• Tips to increase/maintain interruptions tailored to job tasks (15 different messages)
You mentioned you don’t have to get up to take your prints. Why not put your printer further away from your desk so that you need to get up and interrupt your sitting. You could also decide to put other devices such as the coffee machine out of reach!
• Tips on how to overcome barriers (8 different messages)
You think you won’t be able to interrupt your sitting when you are being busy. The good news is that changing your SB doesn’t need to take long. Small changes like getting up when the phone rings or reading some documents while standing,… are easier to implement than you might think.
• Feedback about self-efficacy and social support (9 different messages)
A lack of support from the management doesn’t seem to bother you to stand up regularly. It is very positive that you’re confident that you can stand up even if they think this is weird. Keep up this spirit! Though, it’s a pity you doubt you can stand up when colleagues don’t support you or think this is ridiculous. Maybe they are not familiar with the concept of ‘stand more, sit less’. Try to convince them that standing up regularly is meaningful!
• Feedback about the autonomy to make decisions (3 different messages)
Finally, you have, to a certain degree, autonomy over the decision to stand up during work hours. Take advantage of this privilege. Good luck with the implementation of the tips!
• Invitation to other sections (generic)
If you want to design a concrete personal plan to change your SB at work, click [here].
Section 3: Replacing SB by standing during work hours (non-committal)
• Job roster (half-time, half days/half-time, full days/full-time)
• Job hours (only for full-time workers) (<42 hours/week/≥42 hours/week)
• Attitudes about (partly) standing during work (disagree/unsure/agree):
- stupid, healthy, annoying, relaxing, tiring
• Self-efficacy for standing during work (disagree/unsure/agree):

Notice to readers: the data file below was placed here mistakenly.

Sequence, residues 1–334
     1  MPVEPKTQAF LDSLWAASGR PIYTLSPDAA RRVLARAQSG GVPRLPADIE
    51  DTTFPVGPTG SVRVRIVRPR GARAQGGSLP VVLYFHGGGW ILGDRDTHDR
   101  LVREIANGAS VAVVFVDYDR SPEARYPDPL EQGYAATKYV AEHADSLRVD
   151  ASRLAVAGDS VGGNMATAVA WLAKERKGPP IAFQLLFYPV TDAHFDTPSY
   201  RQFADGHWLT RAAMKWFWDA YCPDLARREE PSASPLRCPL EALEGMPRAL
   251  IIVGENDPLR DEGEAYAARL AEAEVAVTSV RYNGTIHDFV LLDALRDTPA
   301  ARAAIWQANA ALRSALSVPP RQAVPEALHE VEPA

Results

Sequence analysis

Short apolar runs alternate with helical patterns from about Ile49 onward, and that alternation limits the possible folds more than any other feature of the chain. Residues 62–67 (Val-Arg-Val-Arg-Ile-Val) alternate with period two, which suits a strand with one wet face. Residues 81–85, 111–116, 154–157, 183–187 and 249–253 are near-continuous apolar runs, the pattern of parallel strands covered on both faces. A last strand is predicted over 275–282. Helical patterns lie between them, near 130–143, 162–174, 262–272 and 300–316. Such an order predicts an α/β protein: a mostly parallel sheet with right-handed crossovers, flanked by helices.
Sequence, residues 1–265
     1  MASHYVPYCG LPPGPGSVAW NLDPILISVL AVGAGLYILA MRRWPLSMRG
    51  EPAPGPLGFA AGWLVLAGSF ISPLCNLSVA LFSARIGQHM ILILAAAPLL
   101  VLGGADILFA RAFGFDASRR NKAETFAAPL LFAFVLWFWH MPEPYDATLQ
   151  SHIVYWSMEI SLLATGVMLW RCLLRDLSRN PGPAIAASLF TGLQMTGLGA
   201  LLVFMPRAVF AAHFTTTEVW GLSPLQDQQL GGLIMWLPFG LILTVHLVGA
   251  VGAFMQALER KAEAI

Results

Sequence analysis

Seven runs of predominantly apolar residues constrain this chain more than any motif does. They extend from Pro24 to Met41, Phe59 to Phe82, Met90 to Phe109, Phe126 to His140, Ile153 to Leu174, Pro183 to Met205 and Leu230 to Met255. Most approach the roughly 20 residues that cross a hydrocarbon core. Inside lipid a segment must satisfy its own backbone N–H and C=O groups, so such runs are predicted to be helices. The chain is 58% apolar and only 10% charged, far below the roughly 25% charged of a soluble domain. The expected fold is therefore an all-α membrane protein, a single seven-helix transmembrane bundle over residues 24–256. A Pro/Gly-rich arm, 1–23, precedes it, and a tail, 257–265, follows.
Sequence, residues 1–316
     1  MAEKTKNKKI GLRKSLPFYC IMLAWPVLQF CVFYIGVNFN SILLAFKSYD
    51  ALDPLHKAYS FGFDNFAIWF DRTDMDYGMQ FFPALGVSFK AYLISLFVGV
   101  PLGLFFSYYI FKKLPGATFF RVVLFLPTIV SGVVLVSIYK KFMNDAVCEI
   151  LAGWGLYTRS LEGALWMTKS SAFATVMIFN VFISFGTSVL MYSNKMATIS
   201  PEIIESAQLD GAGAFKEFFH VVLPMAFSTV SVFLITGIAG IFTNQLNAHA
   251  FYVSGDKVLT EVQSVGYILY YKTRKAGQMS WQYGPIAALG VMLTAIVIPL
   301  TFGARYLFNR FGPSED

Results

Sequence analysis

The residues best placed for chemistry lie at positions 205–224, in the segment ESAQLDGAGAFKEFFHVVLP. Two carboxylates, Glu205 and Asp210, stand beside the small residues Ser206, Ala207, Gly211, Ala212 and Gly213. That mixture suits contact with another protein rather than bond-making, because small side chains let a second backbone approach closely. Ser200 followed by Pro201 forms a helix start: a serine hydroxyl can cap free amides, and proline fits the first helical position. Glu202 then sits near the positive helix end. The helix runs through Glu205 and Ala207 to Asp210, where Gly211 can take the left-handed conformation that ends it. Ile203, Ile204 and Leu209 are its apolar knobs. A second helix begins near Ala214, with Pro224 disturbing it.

- overall
- when feeling tired, when feeling stressed
• Advantages of standing during work (select):
more focus, stronger legs, better energy balance,…
• Intention to stand during work (no/within 6 months/within 1 month)
• Autonomy to decide to stand during work (disagree/unsure/agree)
• Feedback about SB during working hours tailored to job roster and job hours: 3 categories based on <180, <342, <378 minutes/day (24 different messages)
It appears that you spend 420 minutes (about 7 hours) sitting during work hours. This is too much, as this is more than 75 % of the time you work. So you sit more than other employees do. You mentioned you work overtime a lot, this is probably the cause for your prolonged sitting. In this case, reducing these long periods of sitting is even more important! Try to sit less at work every day. This is easier than it seems and you can for example do this in small blocks, once in the morning and once in the afternoon.
• Feedback about attitudes and intention to stand during work (40 different messages)
You mentioned you are not intending to stand while working. It’s a pity, but maybe the following tips can change your mind. We invite you to read them, even though you are not positive about standing during work hours. Give it a chance and maybe you experience some benefits while trying. Good luck!
• Tips to increase/maintain standing tailored to job task (7 different messages)
Check whether you have the ability to put your laptop or computer on a raised table or cupboard. It is not necessary to stand the whole day, but choosing to stand for a couple of hours is an excellent idea! Build this up slowly and start with short periods of standing. You’ll get used to it quickly.
• Feedback on benefits (6 different messages)
An important benefit of standing during work hours for you is a better health in the long-term. Too much sitting is indeed associated with a higher risk for diabetes, cancer, heart disease and mental illness. Furthermore, there is convincing evidence that sedentary behavior (= sitting) is linked to increased mortality in men and women. So it is a great idea to sit less and stand more.
• Feedback about what is stimulating, tailored to self-efficacy (9 different messages)
You don’t mind to stand even when you are tired. This is wonderful, because reducing your sitting and standing while working will give you more energy compared to staying seated the whole day.
• Feedback about the power to make decision (3 different messages)
Finally, you have the autonomy to decide to stand while working. Take advantage of this privilege. You will see that it can often be easy to change your sedentary behaviour. Good luck with the implementation of the tips!
• Invitation to other sections (generic)
Take also a look at the other sections to get a complete personalized ‘start to stand’-advice!
Section 4: SB during commuting to work (non-committal)